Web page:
5 Reasons Why 2018 May Not Bring the Big Residential Revival We Hoped For

Anuj Puri, Chairman – ANAROCK Property Consultants

The year 2017 will be remembered as the year of disruption and radical policy reforms in the history of Indian real estate.

While RERA and GST might be considered as a disruption by the industry, the government’s sustained efforts towards promoting affordable housing provided some hope to the beleaguered residential sector.

The year 2017 was another watershed year for the residential sector, where neither new launches nor sales could ignite the hope of revival. As 2017 comes to end, developers are hoping that the year 2018 will bring in the much-anticipated revival of the residential sector.

Unfortunately, 2018 is expected to be no different than 2017 because of these notable trends:

1. Weak consumer sentiment will limit the revival

The weak job market, and slow GDP growth rate has negatively impacted consumer sentiment and they might continue with their stance of being extra cautious and conservative while making long-term financial commitments.

2. Developers will be under immense stress

Developers will continue to be under tremendous pressure for completing the projects as the consumer activism will increase and cases delayed possession will be taken up seriously by RERA.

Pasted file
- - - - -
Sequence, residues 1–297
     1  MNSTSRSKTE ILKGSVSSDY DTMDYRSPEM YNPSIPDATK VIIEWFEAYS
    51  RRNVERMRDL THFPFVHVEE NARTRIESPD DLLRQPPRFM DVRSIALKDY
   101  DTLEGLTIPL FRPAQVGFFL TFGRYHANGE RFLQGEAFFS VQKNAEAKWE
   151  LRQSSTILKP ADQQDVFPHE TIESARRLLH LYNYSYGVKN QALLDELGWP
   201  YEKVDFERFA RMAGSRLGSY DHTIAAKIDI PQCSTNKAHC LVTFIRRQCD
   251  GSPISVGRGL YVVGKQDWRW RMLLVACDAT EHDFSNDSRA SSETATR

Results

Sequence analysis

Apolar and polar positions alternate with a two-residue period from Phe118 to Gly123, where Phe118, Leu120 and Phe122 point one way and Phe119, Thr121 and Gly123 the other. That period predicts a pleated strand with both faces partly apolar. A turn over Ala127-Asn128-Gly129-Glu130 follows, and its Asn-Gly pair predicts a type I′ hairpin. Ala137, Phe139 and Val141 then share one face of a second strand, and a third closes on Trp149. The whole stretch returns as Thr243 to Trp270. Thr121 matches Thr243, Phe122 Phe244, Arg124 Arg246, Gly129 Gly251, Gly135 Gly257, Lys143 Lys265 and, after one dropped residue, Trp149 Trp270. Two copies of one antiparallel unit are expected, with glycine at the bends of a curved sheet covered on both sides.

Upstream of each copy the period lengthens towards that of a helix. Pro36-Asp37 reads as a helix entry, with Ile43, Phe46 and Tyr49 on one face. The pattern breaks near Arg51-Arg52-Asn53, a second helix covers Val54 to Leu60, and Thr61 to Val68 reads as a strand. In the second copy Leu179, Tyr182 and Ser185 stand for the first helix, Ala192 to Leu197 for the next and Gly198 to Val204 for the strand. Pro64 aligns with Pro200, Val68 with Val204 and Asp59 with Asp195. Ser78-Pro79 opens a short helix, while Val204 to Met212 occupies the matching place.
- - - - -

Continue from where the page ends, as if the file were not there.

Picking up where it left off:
3. A possibly lacklustre budget for the real estate sector 

The Budget for 2018-19 is expected to framed keeping in 2019 elections in mind. It is expected that the budget will be largely populist in nature focusing more on rural economy wherein farm loan waivers and increase in minimum support price for various agricultural produce will be announced.

These measures will put pressure on the fiscal position of the government, and hence any rebate for the residential sector in the form of reduction of GST rates or increase in the tax exemption limit for home loans may not happen.

4. Hardening of interest rates

The inflation rate has been gradually inching up and the resurgent crude oil prices might further keep it at an elevated level. Also, the 10 years bond yield has been gradually inching up.

The fiscal deficit is also an area of concern for RBI. In this backdrop, we might start to see a hardening of interest rates from the second half of 2018.

5. Restricted new launches 

In 2017, developers restricted the new launches and focused on completing the projects. This trend will continue in 2018 as well, as the regulatory pressure will further increase.

Also, the supply of ready-to-move-in properties might increase in 2018 because of developers’ sustained focus on completing their existing projects.


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